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Biochim Biophys Acta. 1997 Sep 4;1348(1-2):100-10.

CDP-choline:1,2-diacylglycerol cholinephosphotransferase.

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Department of Pediatrics, Atlantic Research Centre, Dalhousie University, Halifax, Nova Scotia, Canada.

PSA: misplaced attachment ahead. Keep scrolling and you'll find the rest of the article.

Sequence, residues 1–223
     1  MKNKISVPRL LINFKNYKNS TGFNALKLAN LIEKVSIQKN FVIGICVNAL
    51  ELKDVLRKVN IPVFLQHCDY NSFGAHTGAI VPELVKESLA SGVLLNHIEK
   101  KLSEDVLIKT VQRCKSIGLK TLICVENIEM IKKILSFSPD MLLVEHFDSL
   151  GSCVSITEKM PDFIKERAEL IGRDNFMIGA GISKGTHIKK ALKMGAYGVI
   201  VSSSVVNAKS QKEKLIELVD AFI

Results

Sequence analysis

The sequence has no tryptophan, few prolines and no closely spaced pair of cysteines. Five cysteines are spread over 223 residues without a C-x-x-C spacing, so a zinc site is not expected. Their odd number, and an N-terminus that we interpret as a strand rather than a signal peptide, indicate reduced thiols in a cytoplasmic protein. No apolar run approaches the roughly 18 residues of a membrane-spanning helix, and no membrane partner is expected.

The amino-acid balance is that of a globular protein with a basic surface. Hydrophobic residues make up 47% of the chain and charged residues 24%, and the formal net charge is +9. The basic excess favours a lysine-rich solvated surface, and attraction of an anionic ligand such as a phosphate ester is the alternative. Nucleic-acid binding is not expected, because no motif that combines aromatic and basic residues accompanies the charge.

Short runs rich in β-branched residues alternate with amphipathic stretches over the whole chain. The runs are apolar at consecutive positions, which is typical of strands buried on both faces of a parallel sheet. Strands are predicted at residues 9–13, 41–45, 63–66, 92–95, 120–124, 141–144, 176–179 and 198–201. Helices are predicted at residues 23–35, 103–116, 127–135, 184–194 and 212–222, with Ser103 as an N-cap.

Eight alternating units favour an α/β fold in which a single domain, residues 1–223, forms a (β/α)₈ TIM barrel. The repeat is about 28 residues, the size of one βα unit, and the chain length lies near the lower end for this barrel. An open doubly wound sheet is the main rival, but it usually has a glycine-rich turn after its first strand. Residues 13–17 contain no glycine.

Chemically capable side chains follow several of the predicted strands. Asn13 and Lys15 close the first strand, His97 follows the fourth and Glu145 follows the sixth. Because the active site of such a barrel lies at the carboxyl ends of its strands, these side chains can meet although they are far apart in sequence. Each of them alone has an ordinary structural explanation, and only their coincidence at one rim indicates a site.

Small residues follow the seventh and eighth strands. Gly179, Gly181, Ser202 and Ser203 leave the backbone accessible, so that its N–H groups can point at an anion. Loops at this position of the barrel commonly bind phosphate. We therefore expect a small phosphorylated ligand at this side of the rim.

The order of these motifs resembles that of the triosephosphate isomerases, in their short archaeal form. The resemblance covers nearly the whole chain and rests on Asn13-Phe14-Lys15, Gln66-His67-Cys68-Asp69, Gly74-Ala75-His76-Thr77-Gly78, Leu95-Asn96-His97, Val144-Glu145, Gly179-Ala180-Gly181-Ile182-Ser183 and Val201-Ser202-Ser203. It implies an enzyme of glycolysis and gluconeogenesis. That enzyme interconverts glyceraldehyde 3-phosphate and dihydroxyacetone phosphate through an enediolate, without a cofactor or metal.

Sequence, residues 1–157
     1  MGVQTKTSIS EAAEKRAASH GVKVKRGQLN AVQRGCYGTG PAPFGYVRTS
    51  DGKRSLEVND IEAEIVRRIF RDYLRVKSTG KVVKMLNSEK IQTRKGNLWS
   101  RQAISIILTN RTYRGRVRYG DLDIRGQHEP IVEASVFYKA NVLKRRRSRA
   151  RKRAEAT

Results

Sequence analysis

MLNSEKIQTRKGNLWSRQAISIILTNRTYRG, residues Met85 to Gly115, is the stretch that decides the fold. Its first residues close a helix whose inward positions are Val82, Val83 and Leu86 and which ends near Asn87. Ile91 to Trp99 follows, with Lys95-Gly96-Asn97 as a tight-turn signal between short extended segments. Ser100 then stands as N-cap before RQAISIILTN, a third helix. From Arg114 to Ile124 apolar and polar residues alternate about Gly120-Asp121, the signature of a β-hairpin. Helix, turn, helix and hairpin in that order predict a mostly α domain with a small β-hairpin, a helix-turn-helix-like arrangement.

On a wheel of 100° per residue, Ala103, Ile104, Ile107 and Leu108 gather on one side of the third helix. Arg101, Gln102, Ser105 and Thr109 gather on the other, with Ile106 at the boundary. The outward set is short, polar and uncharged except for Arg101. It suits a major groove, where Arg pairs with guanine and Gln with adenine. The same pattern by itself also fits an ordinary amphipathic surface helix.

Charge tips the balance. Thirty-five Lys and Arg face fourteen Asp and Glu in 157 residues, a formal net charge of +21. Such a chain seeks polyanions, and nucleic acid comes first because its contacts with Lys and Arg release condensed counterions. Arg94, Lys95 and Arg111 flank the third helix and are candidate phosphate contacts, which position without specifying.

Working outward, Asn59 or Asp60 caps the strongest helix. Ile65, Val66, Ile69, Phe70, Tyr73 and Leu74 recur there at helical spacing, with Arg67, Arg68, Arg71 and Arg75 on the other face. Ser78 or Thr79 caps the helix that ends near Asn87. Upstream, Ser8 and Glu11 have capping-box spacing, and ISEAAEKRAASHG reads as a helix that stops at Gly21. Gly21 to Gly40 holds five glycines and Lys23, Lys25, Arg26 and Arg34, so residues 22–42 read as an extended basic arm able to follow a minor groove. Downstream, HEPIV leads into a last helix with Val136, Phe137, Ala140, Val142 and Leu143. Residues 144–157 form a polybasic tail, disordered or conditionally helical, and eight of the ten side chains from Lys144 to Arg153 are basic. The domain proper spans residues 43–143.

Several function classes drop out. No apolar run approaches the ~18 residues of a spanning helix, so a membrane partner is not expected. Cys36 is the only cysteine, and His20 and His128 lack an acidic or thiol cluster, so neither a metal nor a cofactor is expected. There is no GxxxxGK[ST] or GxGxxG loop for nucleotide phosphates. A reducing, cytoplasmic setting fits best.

Cholinephosphotransferase transfers a phosphocholine moiety from CDP-choline to diacylglycerol thus forming phosphatidylcholine (PtdCho) and CMP. This reaction defines the ultimate step in the Kennedy pathway for the genesis of de novo synthesized PtdCho. Hence, the intracellular location of cholinephosphotransferase identifies both the site from which de novo synthesized PtdCho is transported to other organelles and the site from which it is assembled with proteins and other lipids for secretion from the cell during the generation of lung surfactant, lipoproteins, and bile. Most subcellular fractionation studies observed the majority of cholinephosphotransferase activity in the endoplasmic reticulum, although the method of subcellular fractionation was found to grossly affect these results with activity alternately dispersed within Golgi, nuclear, and mitochondrial fractions. Coupling subcellular fractionation results with immunofluorescence or electron microscopy studies would resolve the issue of the site of PtdCho synthesis. However, antibodies have yet to be generated to cholinephosphotransferase since its integral membrane-bound nature has prevented its purification from any source and a mammalian cholinephosphotransferase cDNA has also yet to be isolated. However, cholinephosphotransferase genes have recently been isolated from the yeast Saccharomyces cerevisiae. Structure/function analysis of the S. cerevisiae cholinephosphotransferase has allowed for an in depth molecular examination resulting in the identification of the catalytic site. In addition, this analysis has generated the predicted amino acid data necessary to produce antibodies to pursue the site of PtdCho synthesis in this organism, as well as to provide information that should allow for the isolation of mammalian cholinephosphotransferase cDNA(s).

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